Which DSG gearboxes are reliable?

Broadly speaking, wet-clutch variants of the DSG unit are the most reliable, which includes everything from the DQ250 up to and including the DL variants found in vehicles with transversely-mounted engines.

Another factor to include is the age of the vehicle and therefore the age of the DSG unit. Volkswagen changed the specification of the oil used in the transmission in 2012, so vehicles produced after this date are likely to have used the improved mineral oil since new and should be in a better state of health as a result.

Volkswagen also issued a recall in some markets for faults with the Mechatronic unit produced between 2008 and 2014, another reason for looking at as new a vehicle as your budget will allow.

Should you buy a used car with a DSG gearbox?

If you are considering buying a new car equipped with a DSG transmission you should have fewer concerns about reliability, as a number of improvements have been made to the technology since it was first introduced and you have the protection of a vehicle warranty should you experience any problems.

As for used vehicles, the same advice applies when considering any used car in that service history and condition is crucial. A post-2012 vehicle equipped with a wet clutch DSG transmission and a full service history should prove to be reliable if the maintenance is continued, but you should think twice about cars with a patchy history or high mileage.

Can you drive a DSG like an automatic?

For the vast majority of the time a DSG-equipped vehicle can be driven in the exact same manner as a conventional automatic. With the transmission in position D there is no need to shift manually, and you can drive just using the accelerator and brake pedals as you would in any kind of automatic.

Some DSG vehicles are equipped with launch control, which allows a fast standing start by holding the car on the footbrake and pressing the accelerator with the transmission in gear, but you should not do this if your car does not have this feature.

There are certain driving characteristics that a conventional automatic offers such as a degree of 'creep' when the car is in gear but neither the brake or accelerator are being pressed, which can be useful in low-speed manoeuvres or when performing a hill start.

DSG gearboxes generally do not offer this functionality, so it is important to either hold the car on the brake or accelerate properly, as holding the car on a hill using gentle acceleration can cause premature wear on the clutches.

If using a manual shift function when driving a DSG you should also avoid changing up while braking or changing down when accelerating, as the software is designed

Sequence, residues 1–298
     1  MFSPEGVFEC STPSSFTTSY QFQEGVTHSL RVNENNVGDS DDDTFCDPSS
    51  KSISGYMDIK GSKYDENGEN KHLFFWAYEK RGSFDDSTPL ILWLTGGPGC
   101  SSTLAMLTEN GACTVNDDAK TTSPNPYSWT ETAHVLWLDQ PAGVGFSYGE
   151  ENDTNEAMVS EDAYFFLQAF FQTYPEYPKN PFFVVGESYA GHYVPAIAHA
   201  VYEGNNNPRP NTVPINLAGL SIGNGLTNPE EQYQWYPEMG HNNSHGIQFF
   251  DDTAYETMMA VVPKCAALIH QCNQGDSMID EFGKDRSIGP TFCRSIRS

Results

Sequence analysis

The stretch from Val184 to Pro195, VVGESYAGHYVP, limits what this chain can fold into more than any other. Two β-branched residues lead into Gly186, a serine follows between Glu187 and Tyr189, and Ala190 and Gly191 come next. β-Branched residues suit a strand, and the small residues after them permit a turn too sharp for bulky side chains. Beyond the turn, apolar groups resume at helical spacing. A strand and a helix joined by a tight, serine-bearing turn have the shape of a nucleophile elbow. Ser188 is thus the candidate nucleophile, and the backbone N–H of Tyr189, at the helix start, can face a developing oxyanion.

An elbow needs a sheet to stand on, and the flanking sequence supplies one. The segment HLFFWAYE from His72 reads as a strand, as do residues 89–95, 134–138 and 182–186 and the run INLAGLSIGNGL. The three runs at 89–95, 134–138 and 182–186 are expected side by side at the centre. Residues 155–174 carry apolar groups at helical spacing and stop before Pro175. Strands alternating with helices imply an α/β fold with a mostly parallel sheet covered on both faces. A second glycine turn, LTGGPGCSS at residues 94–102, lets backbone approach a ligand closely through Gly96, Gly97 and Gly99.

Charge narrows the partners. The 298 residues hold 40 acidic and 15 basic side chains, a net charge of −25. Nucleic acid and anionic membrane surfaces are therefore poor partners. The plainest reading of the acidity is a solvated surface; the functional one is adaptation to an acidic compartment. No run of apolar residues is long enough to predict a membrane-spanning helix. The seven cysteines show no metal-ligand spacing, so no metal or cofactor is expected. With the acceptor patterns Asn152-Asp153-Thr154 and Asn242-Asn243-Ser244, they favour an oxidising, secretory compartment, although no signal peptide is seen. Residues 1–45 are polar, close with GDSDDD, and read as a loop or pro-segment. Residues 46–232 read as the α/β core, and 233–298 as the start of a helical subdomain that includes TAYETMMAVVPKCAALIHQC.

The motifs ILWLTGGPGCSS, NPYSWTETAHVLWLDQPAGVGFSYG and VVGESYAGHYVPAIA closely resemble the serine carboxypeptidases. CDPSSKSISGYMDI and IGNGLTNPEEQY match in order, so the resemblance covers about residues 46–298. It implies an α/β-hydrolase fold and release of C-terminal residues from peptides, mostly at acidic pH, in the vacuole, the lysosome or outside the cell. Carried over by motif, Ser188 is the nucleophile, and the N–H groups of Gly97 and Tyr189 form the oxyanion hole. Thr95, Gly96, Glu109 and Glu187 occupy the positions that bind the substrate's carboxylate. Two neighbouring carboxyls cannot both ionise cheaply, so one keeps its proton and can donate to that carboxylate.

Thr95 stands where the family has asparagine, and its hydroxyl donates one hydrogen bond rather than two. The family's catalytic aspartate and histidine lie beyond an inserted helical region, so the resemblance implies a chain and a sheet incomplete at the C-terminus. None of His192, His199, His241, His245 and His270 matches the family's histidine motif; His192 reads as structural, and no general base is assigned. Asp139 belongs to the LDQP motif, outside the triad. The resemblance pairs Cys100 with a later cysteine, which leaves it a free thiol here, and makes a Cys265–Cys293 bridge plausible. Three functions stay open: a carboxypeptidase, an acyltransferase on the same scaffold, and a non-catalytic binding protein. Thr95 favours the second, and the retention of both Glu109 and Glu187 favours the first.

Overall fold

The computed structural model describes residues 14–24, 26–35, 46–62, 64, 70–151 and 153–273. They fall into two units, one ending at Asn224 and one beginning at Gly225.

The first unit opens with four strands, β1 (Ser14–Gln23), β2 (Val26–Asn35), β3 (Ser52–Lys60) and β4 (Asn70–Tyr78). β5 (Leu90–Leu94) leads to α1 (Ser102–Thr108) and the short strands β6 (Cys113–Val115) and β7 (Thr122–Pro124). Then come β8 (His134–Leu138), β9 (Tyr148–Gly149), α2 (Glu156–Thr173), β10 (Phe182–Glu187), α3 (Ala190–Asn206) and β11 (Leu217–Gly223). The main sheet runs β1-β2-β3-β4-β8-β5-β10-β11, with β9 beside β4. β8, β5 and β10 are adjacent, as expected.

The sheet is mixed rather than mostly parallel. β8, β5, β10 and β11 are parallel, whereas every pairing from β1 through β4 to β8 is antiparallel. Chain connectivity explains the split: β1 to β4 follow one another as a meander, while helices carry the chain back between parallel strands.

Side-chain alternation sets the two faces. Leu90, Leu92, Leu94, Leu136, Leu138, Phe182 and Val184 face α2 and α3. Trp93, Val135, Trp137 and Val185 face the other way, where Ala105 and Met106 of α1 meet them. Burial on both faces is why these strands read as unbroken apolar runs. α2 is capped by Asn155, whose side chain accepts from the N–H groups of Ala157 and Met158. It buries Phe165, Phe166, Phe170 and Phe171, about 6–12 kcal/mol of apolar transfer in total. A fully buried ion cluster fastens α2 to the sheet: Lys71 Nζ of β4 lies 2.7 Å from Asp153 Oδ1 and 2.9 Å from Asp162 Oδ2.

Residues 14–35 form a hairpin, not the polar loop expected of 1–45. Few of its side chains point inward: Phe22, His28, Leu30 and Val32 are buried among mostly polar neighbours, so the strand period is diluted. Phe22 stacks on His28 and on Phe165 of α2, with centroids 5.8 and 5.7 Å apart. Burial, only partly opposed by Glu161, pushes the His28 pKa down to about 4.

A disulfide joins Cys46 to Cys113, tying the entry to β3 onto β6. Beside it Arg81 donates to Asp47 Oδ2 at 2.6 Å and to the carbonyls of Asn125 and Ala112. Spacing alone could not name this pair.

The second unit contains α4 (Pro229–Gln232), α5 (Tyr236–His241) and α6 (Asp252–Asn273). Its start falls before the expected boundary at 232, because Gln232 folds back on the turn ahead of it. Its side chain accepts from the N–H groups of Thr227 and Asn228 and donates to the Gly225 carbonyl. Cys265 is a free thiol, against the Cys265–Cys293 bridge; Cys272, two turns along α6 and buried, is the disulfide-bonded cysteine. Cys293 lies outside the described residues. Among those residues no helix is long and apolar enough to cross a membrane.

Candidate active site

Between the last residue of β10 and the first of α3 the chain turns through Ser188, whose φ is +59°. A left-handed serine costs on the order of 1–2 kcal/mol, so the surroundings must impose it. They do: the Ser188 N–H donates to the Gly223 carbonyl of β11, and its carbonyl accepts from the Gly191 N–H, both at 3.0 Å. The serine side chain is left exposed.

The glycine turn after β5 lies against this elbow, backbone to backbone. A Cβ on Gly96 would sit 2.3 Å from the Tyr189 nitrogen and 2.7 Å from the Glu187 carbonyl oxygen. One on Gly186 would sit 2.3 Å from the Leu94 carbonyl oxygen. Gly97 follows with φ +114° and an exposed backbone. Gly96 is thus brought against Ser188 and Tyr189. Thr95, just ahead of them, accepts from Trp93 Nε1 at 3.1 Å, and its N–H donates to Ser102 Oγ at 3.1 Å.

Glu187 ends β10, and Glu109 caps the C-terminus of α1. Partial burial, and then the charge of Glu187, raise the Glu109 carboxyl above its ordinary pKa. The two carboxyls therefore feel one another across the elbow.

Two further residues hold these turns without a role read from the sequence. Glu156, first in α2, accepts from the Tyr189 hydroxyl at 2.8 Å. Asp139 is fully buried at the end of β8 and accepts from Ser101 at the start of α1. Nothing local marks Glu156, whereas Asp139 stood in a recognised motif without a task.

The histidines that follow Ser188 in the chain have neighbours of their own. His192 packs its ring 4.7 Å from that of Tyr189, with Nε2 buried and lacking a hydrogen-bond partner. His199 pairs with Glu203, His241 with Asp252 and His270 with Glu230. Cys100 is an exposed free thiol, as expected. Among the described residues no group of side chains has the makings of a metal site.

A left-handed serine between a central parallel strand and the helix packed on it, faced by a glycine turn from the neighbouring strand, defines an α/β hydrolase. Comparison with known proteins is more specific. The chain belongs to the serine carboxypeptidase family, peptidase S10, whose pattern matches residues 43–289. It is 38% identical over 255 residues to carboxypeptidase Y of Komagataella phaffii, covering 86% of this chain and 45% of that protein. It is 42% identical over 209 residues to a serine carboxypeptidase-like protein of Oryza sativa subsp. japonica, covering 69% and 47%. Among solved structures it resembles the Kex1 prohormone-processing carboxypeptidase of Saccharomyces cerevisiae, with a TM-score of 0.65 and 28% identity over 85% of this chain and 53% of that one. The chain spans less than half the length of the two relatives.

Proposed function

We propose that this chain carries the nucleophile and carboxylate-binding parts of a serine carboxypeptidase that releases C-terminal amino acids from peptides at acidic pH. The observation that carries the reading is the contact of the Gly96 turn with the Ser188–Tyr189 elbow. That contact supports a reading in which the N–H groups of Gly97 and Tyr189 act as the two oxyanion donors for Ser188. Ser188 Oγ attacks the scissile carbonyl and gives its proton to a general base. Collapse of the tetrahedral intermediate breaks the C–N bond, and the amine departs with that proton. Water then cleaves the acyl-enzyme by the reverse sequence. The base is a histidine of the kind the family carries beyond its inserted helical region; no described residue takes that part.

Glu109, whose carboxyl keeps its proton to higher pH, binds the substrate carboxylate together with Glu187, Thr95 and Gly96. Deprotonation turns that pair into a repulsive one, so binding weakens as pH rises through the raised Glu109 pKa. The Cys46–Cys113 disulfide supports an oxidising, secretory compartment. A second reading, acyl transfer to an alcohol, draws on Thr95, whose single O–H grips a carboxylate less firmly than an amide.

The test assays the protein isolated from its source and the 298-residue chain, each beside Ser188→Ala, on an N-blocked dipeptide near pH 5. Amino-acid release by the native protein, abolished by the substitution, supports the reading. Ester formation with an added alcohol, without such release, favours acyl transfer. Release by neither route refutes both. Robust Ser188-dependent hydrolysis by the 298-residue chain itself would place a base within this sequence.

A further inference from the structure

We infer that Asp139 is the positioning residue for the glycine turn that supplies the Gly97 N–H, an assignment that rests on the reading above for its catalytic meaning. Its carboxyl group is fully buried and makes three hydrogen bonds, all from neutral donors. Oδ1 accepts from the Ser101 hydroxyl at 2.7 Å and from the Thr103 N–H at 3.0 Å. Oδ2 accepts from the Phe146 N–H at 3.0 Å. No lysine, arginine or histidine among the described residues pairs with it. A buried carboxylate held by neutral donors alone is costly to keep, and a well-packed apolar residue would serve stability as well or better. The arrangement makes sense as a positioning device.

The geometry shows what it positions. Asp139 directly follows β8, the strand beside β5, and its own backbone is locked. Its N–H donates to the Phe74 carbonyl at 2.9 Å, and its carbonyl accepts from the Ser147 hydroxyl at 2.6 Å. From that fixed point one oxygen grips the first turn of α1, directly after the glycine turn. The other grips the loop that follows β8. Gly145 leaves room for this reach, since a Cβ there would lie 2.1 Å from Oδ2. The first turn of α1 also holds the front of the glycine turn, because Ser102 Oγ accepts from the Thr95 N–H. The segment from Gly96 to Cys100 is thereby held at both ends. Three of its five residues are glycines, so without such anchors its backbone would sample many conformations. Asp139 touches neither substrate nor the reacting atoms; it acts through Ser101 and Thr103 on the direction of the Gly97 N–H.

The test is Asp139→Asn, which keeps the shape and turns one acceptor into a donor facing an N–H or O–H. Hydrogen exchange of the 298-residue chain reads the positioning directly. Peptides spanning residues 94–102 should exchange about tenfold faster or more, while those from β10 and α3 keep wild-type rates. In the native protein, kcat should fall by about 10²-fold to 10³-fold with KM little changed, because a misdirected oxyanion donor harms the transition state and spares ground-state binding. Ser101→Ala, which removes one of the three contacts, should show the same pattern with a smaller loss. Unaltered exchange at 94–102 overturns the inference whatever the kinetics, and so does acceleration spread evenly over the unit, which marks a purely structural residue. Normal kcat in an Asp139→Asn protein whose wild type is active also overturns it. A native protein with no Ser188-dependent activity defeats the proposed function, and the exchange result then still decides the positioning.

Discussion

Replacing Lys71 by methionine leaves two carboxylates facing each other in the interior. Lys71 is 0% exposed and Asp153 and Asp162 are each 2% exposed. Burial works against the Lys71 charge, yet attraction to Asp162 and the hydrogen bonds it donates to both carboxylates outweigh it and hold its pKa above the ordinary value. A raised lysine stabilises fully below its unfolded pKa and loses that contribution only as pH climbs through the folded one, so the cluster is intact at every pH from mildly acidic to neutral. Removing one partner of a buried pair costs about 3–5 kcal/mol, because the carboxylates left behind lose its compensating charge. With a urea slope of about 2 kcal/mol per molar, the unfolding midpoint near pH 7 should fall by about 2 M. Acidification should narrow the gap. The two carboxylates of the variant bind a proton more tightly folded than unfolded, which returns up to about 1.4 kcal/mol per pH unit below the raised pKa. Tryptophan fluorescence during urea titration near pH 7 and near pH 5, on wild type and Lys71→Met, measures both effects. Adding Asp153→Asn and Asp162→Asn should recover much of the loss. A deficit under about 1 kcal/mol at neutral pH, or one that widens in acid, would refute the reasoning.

Is DSG better than automatic?

DSG transmissions are better than conventional automatic gearboxes in some aspects, but perform less well in others, so it is a matter of what kind of car you are considering and what driving characteristics you are looking for.

DSG transmissions offer fast and very smooth gearchanges, which is a positive from a comfort perspective as well as a welcome benefit in performance cars. They also typically offer benefits in terms of fuel consumption compared to conventional torque converter automatics.

On the downsides, DSG transmissions generally require more maintenance than conventional automatics, and components such as the clutch packs have a more limited lifespan compared to automatics with torque converters.

Is a DSG transmission good?

In terms of the driving experience, DSG transmissions are excellent. The smoothness and speed of gearshifts are highly impressive, and can make older torque converter automatics feel quite pedestrian. If you have not experienced one before, it is worth taking a test drive to feel the benefits for yourself.

As an ownership experience, cars equipped with DSG transmissions are somewhat less impressive, although this does depend greatly on the kind of car you are looking to buy, your driving style and your budget.

If you're buying a new or nearly-new car with a DSG transmission you can experience the benefits of the driving experience with few concerns over reliability or maintenance, but when buying an older car it is crucial to do your homework, examine the history of the vehicle carefully and consider whether an alternative transmission would be a more sensible choice.